The first Range Rover prototype broke cover in 1969, code-named: Velar. Its appeal was instant, combining permanent 4-wheel drive, a split tailgate and elegant modern design. Whilst I would have preferred to have owned the original three-door Range, the four-door iteration released in 1981 boasted all the nostalgia I craved.
Launched in May, the Range Rover Sport enters its third iteration. With it comes a sense that it has always been there. It fits. I mean, for many of the younger generation, it actually has always been there.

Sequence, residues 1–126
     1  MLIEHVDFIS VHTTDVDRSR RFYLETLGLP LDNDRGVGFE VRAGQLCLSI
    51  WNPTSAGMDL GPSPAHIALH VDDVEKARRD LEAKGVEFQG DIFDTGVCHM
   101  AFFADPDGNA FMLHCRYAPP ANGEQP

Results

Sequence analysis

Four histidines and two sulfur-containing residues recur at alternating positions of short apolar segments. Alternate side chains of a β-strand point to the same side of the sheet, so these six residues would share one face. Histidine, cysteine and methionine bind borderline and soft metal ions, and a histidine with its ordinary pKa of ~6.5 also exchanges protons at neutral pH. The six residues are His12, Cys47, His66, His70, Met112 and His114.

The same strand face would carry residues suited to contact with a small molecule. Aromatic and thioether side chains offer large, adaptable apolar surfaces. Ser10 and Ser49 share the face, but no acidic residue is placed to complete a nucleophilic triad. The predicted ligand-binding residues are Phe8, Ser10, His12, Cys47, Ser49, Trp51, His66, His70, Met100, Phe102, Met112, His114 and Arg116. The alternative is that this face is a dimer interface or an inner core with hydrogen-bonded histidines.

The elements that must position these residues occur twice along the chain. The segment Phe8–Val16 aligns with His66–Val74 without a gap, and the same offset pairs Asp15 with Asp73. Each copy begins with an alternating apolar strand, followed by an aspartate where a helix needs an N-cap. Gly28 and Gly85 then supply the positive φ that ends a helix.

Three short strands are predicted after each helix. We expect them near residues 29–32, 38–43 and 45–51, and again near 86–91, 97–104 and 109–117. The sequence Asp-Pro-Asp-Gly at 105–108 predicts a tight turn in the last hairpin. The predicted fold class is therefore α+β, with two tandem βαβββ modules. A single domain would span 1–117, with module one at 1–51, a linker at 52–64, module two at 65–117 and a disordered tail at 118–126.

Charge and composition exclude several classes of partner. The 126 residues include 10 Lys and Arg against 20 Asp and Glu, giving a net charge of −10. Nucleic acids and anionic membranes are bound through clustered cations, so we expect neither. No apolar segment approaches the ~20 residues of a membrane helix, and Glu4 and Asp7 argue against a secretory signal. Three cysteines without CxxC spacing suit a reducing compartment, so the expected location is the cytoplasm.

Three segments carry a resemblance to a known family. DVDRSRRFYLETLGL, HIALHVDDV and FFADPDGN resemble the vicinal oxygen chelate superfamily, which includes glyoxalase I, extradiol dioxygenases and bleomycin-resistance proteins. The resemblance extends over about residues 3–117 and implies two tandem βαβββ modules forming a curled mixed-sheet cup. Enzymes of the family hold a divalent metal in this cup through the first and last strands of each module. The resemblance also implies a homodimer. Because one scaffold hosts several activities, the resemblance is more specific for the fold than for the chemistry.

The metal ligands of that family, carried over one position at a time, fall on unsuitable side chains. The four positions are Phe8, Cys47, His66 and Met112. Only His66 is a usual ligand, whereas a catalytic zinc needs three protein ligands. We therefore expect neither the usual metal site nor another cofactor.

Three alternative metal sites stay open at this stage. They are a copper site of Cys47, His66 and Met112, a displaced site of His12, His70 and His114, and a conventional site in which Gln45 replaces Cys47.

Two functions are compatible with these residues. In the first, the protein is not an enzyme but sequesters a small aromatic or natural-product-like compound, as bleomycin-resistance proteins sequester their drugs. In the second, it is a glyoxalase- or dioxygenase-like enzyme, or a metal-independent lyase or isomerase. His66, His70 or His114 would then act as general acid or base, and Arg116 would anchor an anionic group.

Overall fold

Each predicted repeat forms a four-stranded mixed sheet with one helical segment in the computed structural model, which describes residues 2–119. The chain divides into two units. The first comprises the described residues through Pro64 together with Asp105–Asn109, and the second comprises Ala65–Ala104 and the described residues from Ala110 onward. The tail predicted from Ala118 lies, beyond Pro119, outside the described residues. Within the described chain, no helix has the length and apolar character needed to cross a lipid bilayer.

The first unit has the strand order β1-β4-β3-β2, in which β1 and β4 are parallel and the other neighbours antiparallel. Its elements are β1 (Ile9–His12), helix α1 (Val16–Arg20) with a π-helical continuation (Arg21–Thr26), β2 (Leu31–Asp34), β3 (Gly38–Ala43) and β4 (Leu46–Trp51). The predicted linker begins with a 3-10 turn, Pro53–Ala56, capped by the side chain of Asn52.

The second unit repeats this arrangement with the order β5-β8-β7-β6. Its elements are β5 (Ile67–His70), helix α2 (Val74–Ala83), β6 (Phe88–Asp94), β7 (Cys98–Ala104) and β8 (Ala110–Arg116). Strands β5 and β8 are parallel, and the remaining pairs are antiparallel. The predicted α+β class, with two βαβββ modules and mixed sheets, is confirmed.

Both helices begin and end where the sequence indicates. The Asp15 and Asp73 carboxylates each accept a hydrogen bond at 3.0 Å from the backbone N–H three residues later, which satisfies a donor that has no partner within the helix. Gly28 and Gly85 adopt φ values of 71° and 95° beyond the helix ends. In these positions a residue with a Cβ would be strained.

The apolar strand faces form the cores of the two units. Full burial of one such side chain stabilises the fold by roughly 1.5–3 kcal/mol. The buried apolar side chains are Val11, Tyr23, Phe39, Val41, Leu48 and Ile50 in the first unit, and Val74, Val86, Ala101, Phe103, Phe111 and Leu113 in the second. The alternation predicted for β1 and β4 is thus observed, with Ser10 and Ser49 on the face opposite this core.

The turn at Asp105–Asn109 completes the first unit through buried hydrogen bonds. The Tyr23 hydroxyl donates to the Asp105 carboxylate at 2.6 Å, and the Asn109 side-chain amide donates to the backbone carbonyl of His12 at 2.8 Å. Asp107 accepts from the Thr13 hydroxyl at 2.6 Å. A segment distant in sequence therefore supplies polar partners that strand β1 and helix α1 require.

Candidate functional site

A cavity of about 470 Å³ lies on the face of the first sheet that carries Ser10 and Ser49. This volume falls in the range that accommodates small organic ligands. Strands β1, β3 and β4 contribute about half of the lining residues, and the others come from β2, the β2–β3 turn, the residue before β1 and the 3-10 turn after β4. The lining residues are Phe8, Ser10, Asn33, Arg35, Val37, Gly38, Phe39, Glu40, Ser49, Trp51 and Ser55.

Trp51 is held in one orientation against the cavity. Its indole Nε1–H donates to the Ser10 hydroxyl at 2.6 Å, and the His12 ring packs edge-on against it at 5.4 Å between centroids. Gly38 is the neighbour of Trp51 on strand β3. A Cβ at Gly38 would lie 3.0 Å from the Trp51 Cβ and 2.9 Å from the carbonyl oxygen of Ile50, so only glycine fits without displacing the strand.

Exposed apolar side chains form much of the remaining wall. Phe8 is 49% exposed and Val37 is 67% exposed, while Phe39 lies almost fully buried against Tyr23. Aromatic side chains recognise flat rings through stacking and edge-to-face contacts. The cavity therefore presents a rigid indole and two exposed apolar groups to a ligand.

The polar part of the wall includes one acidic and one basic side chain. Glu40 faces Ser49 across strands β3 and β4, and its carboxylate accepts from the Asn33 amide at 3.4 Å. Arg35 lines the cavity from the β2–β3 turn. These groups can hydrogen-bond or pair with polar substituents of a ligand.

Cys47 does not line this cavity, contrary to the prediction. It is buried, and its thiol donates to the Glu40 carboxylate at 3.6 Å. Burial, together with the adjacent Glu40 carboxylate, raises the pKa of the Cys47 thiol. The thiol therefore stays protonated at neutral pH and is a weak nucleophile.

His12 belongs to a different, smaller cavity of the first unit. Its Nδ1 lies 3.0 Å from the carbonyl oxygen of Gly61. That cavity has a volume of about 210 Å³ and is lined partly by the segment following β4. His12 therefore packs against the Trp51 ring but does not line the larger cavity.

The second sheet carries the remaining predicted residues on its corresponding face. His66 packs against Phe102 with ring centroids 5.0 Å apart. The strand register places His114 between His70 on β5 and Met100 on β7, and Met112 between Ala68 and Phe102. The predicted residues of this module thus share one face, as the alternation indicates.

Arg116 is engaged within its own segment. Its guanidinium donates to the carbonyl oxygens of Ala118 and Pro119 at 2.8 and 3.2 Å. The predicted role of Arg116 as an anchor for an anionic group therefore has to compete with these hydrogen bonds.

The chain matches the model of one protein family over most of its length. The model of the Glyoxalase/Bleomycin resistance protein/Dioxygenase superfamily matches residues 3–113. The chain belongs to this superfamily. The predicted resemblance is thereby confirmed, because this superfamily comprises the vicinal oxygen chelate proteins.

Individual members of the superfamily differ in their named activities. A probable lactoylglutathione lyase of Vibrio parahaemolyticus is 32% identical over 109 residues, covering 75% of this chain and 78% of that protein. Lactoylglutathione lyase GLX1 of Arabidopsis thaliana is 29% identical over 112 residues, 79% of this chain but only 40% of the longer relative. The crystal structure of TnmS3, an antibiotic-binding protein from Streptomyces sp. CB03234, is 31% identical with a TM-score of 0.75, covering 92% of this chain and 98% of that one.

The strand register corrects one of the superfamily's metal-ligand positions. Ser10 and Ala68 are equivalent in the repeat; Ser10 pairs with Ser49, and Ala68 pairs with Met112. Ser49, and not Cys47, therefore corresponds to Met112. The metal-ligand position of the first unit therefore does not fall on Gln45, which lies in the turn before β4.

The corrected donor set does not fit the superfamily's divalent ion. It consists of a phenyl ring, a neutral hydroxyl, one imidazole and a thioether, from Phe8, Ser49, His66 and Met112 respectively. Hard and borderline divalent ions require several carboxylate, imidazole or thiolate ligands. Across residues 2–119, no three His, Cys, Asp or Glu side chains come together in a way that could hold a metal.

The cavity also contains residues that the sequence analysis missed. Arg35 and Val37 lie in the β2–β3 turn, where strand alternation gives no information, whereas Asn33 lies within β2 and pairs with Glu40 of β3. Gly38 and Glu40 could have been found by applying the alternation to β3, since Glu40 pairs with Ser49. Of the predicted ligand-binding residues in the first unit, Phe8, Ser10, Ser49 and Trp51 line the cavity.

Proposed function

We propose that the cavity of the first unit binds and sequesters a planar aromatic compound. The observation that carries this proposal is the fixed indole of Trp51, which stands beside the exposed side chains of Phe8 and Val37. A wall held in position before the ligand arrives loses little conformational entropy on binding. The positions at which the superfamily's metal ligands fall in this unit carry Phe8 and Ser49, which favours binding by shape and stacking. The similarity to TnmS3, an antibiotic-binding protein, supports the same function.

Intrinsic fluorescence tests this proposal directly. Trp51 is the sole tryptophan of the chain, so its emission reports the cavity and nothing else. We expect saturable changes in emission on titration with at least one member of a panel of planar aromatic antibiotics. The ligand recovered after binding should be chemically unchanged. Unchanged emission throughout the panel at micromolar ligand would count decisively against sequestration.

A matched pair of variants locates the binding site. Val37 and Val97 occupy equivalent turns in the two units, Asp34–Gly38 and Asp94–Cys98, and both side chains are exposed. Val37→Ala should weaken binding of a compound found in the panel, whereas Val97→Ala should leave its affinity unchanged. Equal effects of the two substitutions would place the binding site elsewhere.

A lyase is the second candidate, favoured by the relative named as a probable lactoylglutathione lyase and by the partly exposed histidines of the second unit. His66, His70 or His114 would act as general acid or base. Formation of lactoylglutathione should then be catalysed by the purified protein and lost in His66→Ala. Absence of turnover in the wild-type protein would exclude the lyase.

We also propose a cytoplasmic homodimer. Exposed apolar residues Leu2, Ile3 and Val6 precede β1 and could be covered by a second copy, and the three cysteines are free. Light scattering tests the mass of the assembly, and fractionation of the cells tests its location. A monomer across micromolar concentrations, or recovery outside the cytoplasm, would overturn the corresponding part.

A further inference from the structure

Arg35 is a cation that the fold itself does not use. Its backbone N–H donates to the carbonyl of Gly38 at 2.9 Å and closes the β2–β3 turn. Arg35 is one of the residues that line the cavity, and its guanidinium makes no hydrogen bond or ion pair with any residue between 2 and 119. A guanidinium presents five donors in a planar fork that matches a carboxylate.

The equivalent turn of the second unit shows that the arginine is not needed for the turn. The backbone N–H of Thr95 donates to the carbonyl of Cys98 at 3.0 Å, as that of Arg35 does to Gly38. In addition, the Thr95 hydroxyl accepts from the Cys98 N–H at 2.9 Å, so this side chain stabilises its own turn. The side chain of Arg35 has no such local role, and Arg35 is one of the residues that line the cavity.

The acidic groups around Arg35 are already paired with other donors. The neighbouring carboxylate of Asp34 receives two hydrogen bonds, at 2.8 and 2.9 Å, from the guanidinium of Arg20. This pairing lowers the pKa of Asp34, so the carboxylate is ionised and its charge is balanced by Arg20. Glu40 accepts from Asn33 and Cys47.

The grandfather of the segment is the Land Rover Range Rover. Not the Range Rover Sport, not the Velar, not even the Discovery. The full fat, bonnet at shoulder height, wafting armchair that is the Range Rover.